Reminds me of Disney World.
Much of it involved getting from one place to another. And waiting in line.
I boarded a train from Ollantaytambo at five in the morning–the first time in Peru I’ve been up before sunrise. The ride lasted an hour and a half. Through the window, I watched the sky grow lighter.
The peaks were shrouded in light gray when I arrived in Machu Picchu Pueblo–commonly known as Aguas Calientes. I followed the crowd exiting the platform to find a very long wait for the bus to the ruins. I bought a poncho–for 2.50 soles, or about 75 cents, it seemed like a sound insurance policy–and waited.
The man in front of me with the brown hat kept looking back. When we got near the buses, I found out why; a large group of Japanese tourists joined him.
As the bus wound its way up the narrow road, I glanced at my phone. The time was nearing 8:00 AM; I was supposed to be climbing Machu Picchu mountain by now. I worried myself thinking that the entrance policy was strict.
No time to enjoy the view; when I reached the gates, I power-walked past tour groups patiently waiting for stragglers. I arrived at the path to the mountain at 8:05.
The lady checked my ticket, made me sign in, and sent me on my way up.
Ten years ago, I visited the Christ the Redeemer statue in Rio. I saw nothing but clouds.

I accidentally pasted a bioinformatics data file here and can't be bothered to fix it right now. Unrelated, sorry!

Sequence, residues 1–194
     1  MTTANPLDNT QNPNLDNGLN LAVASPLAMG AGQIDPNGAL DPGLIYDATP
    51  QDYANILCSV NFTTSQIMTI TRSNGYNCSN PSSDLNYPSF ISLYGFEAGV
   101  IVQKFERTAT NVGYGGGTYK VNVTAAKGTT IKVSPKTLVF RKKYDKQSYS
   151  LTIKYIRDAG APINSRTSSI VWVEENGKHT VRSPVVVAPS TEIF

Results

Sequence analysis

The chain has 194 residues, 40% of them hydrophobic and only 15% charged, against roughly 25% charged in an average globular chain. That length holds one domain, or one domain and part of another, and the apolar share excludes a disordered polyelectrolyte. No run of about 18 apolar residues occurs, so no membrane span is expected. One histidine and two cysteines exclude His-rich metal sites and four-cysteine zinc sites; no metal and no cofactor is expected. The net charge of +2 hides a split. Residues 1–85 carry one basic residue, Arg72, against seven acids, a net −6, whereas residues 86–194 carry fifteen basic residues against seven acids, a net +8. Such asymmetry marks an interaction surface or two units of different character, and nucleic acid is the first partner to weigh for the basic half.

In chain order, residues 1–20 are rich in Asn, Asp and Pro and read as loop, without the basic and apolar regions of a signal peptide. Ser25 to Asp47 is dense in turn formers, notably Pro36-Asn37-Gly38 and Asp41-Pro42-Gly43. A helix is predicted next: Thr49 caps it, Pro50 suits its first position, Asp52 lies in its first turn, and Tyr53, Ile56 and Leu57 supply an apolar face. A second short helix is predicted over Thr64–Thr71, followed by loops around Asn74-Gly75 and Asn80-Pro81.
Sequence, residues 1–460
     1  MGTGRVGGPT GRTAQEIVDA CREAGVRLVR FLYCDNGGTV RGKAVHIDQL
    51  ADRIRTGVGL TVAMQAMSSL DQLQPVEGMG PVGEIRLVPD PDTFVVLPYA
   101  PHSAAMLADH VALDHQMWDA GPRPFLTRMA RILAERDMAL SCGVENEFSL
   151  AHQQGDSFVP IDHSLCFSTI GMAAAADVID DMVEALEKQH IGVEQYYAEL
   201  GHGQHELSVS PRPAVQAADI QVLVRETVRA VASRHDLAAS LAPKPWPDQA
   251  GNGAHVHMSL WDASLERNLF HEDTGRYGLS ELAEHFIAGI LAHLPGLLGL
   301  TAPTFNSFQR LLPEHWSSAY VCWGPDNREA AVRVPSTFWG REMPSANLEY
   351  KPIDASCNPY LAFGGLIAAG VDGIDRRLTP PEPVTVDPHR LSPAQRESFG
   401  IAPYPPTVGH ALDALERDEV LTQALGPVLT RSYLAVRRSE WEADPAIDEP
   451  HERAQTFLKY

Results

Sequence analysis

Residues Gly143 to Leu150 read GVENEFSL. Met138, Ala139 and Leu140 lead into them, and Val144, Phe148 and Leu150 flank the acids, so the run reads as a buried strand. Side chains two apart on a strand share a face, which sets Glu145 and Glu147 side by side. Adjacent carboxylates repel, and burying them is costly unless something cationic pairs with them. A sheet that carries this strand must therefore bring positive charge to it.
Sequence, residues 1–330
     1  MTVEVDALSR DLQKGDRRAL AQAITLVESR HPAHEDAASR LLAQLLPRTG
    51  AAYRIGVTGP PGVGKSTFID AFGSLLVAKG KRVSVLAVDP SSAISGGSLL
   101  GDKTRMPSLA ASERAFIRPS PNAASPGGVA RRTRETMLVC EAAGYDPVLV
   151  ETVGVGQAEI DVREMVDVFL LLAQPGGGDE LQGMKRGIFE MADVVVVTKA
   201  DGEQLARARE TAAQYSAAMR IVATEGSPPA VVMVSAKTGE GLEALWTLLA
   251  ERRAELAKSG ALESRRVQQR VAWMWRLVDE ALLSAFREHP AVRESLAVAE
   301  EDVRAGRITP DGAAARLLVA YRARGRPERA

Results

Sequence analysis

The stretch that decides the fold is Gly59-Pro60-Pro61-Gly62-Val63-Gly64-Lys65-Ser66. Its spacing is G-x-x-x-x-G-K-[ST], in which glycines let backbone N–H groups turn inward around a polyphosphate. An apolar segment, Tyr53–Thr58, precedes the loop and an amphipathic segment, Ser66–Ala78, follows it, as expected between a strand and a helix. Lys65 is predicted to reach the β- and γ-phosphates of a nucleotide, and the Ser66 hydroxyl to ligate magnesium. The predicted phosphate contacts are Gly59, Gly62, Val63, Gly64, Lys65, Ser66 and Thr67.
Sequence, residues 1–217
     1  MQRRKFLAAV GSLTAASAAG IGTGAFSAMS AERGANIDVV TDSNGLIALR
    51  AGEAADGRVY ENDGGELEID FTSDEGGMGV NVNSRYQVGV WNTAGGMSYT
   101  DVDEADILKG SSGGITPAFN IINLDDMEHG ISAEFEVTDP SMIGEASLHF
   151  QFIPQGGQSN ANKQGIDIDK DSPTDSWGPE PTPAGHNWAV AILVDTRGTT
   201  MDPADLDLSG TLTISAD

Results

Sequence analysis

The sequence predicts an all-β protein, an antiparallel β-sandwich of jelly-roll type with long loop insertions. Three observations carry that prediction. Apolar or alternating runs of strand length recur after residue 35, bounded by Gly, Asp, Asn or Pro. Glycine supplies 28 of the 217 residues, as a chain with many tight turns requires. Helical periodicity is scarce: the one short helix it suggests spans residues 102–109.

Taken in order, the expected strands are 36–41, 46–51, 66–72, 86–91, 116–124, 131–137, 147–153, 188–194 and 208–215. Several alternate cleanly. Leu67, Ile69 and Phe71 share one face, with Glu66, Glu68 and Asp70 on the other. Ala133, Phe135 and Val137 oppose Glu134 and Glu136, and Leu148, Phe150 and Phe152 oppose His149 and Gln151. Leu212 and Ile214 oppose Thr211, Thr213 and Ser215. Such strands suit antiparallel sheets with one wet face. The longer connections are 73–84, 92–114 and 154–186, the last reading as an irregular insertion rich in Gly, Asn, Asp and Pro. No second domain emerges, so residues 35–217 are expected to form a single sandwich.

I was reminded of that experience as I ascended the mountain. In some places, there was nothing but a wall of white. Most of my pictures look like the one above. And it’s a difficult climb. Not technical–there are stairs–but steep.
Yet I don’t feel like I wasted three hours. The rush of climbing the last step and seeing the marker made the burning in my legs go away.
The authentic Machu Picchu experience involves a four or five day trek from Cusco–crossing mountains and sleeping in tents. The Inca Trail enters Machu Picchu through the Sun Gate. A 45-minute walk there gives a different perspective to the ruins.
It was almost noon when I reached the Sun Gate, which felt like a good time to be there. Appropriately, the sun was breaking through.
Weather plays a role in the experience of Machu Picchu. The views of the ruins on Saturday were unique to me and the other 2,499 people who were there. The 2,500 who went on Sunday saw something else.
The path I took to reach this point felt right. Pisac was difficult; walking up to those ruins made me feel like a conqueror. Moray was remote; it had a sense of mysticism. Ollantaytambo was impressive; I wondered how primitive people got such huge stones to such great heights.
Machu Picchu was the culmination of all those feelings in one.
Like Disney World, Machu Picchu involves a lot of waiting. And, like Disney World, the payoff for the wait is incredible.